# Pseudopotentials

## Pseudopotentials in the Kleynman Bylander form¶

This page reports basic definitions and equations needed to evalute the nonlocal part of the Hamiltonian. We mainly focus on norm-conserving pseudopotentials. Providing a consistent introduction to the theory of pseudopotentials is beyond the purposes of this section, a more complete discussion of the topic can be found in specialized articles available in the literature [Hamann1979], [Bachelet1982], [Kleinman1982], [Hamann1989], [Troullier1991] [Gonze1991], [Fuchs1999]. For the generalization of norm conservation to multiple projectors (Optimized norm-conserving Vanderbilt pseudopotentials) we refer the reader to [Hamann2013]. The generation and validation of ONCVPSP pseudopotentials is described in the PseudoDojo paper [Setten2018].

For our purposes, we can summarize by saying that a pseudopotential in constructed in order to replace the atomic all-electron potential such that core states are eliminated and valence electrons are described by pseudo wavefunctions whose representation in the Fourier space decays rapidly.

Modern norm-conserving pseudopotentials are constructed following the procedure described in [Hamann1979], [Hamann1989], [Troullier1991] such that the scattering properties of the all-electron atom are reproduced around the reference energy configuration, up to first order in energy. In modern ab initio codes, the fully separable form proposed by Kleynman and Bylander is usually employed as it drastically reduces the number of operations required for the application of the nonlocal part of the Hamiltonian as well as the memory required to store the operator [Kleinman1982]. In the KB form, the interaction between a valence electron and an ion of type is described by means of the operator:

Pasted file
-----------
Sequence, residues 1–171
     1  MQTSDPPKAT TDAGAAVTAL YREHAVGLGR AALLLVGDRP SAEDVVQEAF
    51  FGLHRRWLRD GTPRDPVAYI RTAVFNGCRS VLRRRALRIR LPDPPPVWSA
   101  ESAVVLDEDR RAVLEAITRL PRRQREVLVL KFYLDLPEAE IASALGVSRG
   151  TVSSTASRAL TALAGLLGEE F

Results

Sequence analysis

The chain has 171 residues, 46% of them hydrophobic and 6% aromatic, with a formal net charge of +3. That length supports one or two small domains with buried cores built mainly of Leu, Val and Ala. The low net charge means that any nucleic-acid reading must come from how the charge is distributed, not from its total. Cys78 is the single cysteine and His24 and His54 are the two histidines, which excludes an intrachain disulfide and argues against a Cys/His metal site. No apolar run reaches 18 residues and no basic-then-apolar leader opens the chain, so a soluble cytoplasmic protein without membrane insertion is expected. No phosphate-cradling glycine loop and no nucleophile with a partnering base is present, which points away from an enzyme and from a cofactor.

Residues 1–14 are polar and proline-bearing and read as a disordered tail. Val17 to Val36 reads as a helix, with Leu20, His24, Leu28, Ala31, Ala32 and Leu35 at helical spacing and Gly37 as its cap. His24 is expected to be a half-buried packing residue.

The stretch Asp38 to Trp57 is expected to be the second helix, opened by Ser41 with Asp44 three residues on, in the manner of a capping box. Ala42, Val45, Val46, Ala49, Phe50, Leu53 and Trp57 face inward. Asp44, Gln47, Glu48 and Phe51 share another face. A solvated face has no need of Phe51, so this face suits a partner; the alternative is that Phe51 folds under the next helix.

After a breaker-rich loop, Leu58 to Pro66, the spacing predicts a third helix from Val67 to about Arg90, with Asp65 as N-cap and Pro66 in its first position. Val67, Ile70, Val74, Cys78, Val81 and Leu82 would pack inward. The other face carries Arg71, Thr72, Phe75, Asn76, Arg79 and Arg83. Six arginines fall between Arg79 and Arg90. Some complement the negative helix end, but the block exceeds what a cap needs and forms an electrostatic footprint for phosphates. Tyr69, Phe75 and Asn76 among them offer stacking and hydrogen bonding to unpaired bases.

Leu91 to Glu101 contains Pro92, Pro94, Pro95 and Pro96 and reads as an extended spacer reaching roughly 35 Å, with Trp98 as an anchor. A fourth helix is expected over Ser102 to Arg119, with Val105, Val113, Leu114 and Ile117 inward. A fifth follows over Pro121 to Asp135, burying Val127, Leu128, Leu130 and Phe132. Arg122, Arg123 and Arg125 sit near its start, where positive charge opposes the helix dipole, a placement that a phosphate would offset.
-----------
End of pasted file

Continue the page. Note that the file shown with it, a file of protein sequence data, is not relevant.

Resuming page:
where is a purely local potential with a Coulomb tail .

Note

For simplicity, the discussion is limited to pseudopotentials with a single projector per angular channel. The generalization to multi-projector pseudopotentials requires introducing an additional index in the KB energies i.e. and in the projectors .

The so-called Kleinman-Bylander energies, , measure the strength of the nonlocal component with respect to the local part. The projectors are short-ranged functions, expressed in terms of a complex spherical harmonic multiplied by an - and atom-dependent radial function

The total nonlocal part of the Hamiltonian is obtained by summing the different atom-centered contributions. The final expression in real space reads:

where runs over the sites of the Bravais lattice, and over the positions of the atoms with the same type located inside the unit cell. Due to the nonlocality of the operator, its Fourier transform depends on two separate indices, and , instead of the simple difference . The shorthand notation is used in the following to simplify the derivation.

Using the Rayleigh expansion of planewaves in terms of spherical harmonics and spherical Bessel functions :

the Fourier representation of the projector defined by \ref{eq:KB_projectors} can be expressed as:

Finally, the expression for the total nonlocal operator in reciprocal space is:

Note

Abinit employs iterative eigenvalue solvers to solve the KS equations.
This means that we only need to compute i.e. we only
need to **apply** the Hamiltonian onto a set of trial eigenvectors.
Therefore the full matrix is never constructed explicitly.